For us, ruscus has proven to be one of the best plants we grow for dry shade, tolerating insanely bad conditions. In our trials, we also have ruscus surviving in our full sun rock garden, but it isn’t extraordinarily happy there. The commercial downside to ruscus and danae is that they take 6-7 years to produce a saleable size plant, including 2 years to produce their first leaf. Consequently, no sane nurseryman would ever think about producing them.
We’ve recently caught a typo in our on-line catalog that lists Agave parryi v. truncata as Zone 3-9. The correct zone should be Zone 7-9. We apologize for the error and if you purchased this based on this error, please contact us for a credit at firstname.lastname@example.org.
The weather this fall has played havoc with gardeners in the Northeast US during an early season snowstorm on October 30. Because leaves had not yet fallen from deciduous trees, the damage was exacerbated as trees collapsed under the weight, wiping out power lines on their way down. The NY Botanic Garden was one of many horticultural treasures devastated by the loss of over 2,200 trees including many of the historic magnolias. Our thoughts go out to many nurseries and greenhouses in the region who were also devastated by losing power for 7-10 days.
Around the same time, many of our gardening friends in Thailand were being devastated by the unprecedented flooding around Bangkok. The media coverage in the US was scant for the level of destruction that occurred. Not only are some of the worlds most famous plant collectors in this part of Thailand, but an amazing amount of US plant production depends on liners from Thailand. For example one of the new introductions for 2011 was Ophiopogon ‘Black Beard’, a plant where virtually all of the stock is started in labs in Thailand. So the flooding has obviously caused a huge interruption in the worlds supply of each plant so affected. On November 3rd, we posted some truly amazing photos of the flood on our facebook page in the Wall Photos Album.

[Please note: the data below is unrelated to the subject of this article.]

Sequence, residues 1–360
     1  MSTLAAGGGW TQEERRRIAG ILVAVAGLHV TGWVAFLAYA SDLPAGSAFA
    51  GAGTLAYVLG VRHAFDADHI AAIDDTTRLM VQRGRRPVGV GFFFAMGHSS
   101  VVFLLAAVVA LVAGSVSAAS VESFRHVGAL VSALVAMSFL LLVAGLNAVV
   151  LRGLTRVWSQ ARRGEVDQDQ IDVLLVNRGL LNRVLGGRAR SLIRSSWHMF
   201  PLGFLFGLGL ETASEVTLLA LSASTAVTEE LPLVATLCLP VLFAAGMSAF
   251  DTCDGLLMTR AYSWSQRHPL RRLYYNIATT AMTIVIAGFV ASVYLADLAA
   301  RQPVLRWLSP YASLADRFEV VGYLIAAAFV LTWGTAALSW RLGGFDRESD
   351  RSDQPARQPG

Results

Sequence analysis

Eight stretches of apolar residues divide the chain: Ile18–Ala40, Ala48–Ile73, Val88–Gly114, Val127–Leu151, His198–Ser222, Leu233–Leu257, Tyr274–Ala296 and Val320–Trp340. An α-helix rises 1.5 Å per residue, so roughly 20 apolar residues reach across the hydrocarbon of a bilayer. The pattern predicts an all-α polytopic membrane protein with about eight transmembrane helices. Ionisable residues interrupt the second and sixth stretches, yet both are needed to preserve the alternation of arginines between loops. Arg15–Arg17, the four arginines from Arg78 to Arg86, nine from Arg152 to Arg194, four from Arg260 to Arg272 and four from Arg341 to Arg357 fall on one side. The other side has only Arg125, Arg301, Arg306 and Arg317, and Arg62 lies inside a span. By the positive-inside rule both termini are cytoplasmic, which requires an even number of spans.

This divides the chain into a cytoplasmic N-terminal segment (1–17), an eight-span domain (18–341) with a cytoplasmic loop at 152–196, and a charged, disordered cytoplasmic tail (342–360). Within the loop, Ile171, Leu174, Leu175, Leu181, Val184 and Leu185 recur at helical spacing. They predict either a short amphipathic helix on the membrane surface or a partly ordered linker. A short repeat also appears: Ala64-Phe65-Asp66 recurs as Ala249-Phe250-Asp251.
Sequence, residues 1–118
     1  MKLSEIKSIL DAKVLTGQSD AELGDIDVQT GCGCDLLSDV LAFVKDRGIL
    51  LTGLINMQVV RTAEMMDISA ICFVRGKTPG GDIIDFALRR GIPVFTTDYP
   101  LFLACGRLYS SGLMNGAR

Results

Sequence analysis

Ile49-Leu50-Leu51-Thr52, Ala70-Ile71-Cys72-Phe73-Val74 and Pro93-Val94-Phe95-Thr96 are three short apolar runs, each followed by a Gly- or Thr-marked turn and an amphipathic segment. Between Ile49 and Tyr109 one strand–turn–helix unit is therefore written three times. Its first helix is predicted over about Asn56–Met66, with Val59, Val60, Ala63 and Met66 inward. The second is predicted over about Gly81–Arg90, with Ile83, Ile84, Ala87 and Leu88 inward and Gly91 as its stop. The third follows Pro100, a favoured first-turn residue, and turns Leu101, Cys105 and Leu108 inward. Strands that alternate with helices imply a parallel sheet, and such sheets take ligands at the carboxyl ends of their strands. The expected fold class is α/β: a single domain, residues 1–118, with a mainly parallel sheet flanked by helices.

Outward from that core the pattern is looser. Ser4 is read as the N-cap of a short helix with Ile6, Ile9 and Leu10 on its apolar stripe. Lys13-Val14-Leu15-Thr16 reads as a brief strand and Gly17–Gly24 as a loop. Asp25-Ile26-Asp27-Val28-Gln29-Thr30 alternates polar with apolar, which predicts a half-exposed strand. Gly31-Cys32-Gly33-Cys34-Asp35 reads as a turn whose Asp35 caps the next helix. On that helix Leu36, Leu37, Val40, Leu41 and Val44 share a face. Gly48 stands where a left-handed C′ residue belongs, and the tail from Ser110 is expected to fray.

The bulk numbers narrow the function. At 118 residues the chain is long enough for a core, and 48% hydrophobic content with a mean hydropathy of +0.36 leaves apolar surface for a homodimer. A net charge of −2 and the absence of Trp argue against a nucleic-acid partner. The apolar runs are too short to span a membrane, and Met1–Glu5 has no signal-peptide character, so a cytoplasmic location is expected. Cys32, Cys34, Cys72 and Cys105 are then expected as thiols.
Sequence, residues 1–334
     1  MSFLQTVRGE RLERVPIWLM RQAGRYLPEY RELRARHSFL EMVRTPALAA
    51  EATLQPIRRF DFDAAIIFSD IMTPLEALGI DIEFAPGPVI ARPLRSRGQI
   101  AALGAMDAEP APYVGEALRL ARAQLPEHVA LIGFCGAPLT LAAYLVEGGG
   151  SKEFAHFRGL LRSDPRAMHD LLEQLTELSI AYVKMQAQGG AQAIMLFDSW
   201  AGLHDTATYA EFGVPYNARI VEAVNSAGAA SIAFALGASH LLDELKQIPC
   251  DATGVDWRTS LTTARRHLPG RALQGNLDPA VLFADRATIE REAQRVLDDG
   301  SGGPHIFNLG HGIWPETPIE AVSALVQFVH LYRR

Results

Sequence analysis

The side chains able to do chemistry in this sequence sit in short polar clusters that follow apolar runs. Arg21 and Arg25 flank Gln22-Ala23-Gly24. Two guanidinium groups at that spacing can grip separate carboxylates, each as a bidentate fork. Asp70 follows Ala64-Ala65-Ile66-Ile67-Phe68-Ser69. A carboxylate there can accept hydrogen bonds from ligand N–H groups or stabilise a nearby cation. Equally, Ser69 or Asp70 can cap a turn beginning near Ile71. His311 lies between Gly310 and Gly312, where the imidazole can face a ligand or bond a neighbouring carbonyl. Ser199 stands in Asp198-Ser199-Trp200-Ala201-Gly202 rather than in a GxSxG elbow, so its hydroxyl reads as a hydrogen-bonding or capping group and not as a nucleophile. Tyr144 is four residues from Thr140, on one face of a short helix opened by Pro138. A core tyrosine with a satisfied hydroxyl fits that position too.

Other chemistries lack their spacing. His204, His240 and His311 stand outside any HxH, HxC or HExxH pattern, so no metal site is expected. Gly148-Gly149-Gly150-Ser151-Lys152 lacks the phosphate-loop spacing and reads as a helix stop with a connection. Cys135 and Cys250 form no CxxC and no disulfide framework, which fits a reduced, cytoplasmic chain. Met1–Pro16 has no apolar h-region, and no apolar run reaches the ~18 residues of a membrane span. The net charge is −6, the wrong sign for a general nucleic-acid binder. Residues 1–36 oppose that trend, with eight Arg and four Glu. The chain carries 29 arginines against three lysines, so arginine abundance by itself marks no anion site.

One of the world’s top variegated plant collectors is a Bangkok nurseryman named Pramote Rojruangsang…aka. Mr. Jiew. During the worst of the flooding in mid November, Mr. Jiew’s entire nursery was under 6′ of water and he estimates that he has lost 95% of his plants, including a lifetime of plant breeding work. I wrote about Mr. Jiew and his amazing collection of plants after my Thailand visit in 2005. Photos from that visit are posted on our Thailand/ North Vietnam Plant Exploration.
Another Thailand plant-friend of ours, Annop Ongsakul, lives further south in Thailand and avoided the flooding. Annop is a plant breeder (we carry one of his curcuma hybrids) and plant explorer who we also met during our 2005 trip to Thailand. Annop is also the namesake of the Amorphophallus ongsakulii that he discovered in Thailand along with our friend and Raleigh, NC plantsman Alan Galloway. Annop was recently featured in a recent Bangkok Post article…congratulations!
Congratulations are also in order to our friend Bill Cullina, who was just appointed Executive Director of the Coastal Maine Botanical Gardens on November 10th. Bill first joined the garden as Director of Horticulture in 2008 after a decade at the New England Wildflower Society. If you haven’t had the chance to hear one of Bill’s wonderful talks, I hope you’ve at least enjoyed reading one of his excellent books. Bill has had quite a month as he was also selected as the winner of the prestigious 2012 Scott Medal…one of the country’s top horticulture awards. Well deserved…Congratulations!